Monday, October 29, 2012

Lightship (wind and rain and holding your place)


What can I say except that, as a mother of four, I spend inordinate amounts of time reading children's books and quite often I hear God's gentle quiet voice speaking to me through them.  This keeps me convinced that God will use whatever medium available to speak to us!  In light of hurricane Sandy's approach, I thought I'd share a favorite with you, Lightship, by Brian Floca.

Lightships were used in places where a permanent light house couldn't be built.  The ship and crew "held their place" during good and bad weather to serve as a guide to other ships.  Something about the lightship's calling deeply resonated with me and my sense of calling.   

In the past year, since the twins were born, my spiritual images have been filled with boats and water and floating - sinking and swimming became a metaphor for trust as grace has begun to feel like an ocean that surrounds our every waking moment.  For me, the spiritual journey has become one of learning to let go and rest in that grace. 

So here it is, minus the glorious pictures (check it out at your library if you get a chance - it also has a great section on the history of light ships).

*   *   *   *   *
Lightship, by Brian Floca

Here is a ship that holds her place.
She has a captain and a crew,
helmsman, oiler, engineer
deckhand, fireman, radioman,
messman, cook and a cat.

She does not sail from port to port.
She does not carry passengers or mail or packages.
She holds to one sure spot as other ships sail by.
She waits.

Her crew lives in small spaces, works in small spaces.
Always there is the smell of the sea . . . and the rocking of the waves.
Always they hear the creaking of the ship and the slow
slap, slap, slap of water on the hull.

Down below deck,
deep inside the ship,
there is the smell of fuel and machinery.
There are motors, engines, generators.
The oiler and the engineer keep them clean and running.
They keep the whole ship powered.

Above the deck there is a horn.
High on each mast there is a light.
The crew keeps them ready. 

The higher the waves,
the harder the work;
the harder it is to climb the stairs,
to check the charts,
to drink the coffee,
to visit the head.

But the crew keeps the lightship anchored.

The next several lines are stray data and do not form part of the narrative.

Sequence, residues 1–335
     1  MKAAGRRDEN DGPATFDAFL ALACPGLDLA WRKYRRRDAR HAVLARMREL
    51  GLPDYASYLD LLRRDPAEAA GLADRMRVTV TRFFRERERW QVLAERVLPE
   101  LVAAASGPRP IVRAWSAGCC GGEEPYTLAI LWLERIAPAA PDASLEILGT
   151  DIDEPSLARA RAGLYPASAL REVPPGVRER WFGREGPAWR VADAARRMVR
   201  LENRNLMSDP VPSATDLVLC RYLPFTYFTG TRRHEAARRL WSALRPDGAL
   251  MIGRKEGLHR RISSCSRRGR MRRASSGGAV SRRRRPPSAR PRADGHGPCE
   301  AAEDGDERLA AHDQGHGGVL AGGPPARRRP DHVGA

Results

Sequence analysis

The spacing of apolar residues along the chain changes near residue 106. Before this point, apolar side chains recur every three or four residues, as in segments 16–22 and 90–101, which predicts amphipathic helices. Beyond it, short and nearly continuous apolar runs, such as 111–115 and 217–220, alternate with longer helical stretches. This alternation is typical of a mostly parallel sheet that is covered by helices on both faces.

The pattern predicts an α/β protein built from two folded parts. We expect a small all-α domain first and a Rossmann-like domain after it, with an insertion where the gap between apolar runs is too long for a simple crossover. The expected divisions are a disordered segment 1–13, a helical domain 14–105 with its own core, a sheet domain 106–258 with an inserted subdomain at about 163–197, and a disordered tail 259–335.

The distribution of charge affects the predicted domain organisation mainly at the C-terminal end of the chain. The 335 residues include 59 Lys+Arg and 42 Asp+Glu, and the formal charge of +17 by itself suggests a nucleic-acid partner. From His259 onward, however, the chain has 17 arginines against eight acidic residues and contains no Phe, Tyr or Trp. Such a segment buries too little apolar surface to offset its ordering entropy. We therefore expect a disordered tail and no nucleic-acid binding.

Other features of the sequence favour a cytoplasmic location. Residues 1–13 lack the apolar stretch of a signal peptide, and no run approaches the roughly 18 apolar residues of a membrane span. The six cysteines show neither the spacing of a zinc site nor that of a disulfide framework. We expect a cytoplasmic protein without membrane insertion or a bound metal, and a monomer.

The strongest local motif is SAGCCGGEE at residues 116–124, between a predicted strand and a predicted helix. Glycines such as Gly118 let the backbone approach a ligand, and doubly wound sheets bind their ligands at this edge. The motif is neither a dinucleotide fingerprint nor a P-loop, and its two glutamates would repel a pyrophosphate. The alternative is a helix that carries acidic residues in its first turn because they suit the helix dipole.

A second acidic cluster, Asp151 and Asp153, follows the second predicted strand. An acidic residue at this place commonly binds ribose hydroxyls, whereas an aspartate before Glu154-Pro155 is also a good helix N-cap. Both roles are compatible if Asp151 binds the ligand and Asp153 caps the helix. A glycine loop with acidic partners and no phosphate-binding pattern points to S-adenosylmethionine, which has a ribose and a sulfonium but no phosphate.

She holds her one sure spot.
They keep her anchored in sun and calm . . .
and snow and cold.
They keep her anchored when other ships
come closer than they should.
And if the waves move her off her mark,
 . . . the helmsman moves her back.
The crew resets the anchor.
Again the lightship holds her one sure spot.

She does not sail from port to port.
She does not carry passengers or mail or packages.
She holds to one sure spot as other ships sail by.
She waits.

And when the fog
comes creeping in,
the crew knows what to do.
They sound their horn, so loud the whole ship
SHAKES
BEEOOH!
They shine their light,
so bright
it reaches all around,
far and wide.

Then other ships sail safely,
because the lightship marks the way
through fog and night,
past rocks and shoals,
past reefs and wrecks,
past danger.

Other ships sail home safe . . .
because the lightship holds her place.

*   *   *   *   *

When storms come and the fog rolls in we all need something or someone to shine light on our path, something or someone to hold us to the course we were made for. Tonight, as the winds surge and rain pounds I wonder, who or what is holding you? 

Praying you will remember and hold tight to the One who anchors your soul.  May your life shine like the Lightship and may others "sail home safe" because you hold your place. 

If you want to read more about learning to let go and float in the ocean of grace, check out Learning to Float (lessons in the art of surrender).

This link is being shared with Imperfect Prose around the theme of "Light."

3 comments:

  1. Love this! I can't say that I had ever heard of lightships, just lighthouses.

    Visiting you from On, In and Around Mondays. Thank you for sharing this beautiful story and reminder of who our lightship always is.

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    Replies
    1. Thanks! So glad you stopped by, I have to figure out how to add the button soon!

      I know, it's a fascinating idea to me and the book has some good history on it.

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  2. what a lovely book! i love all the hidden messages for me too, as a mama in my children's books :)

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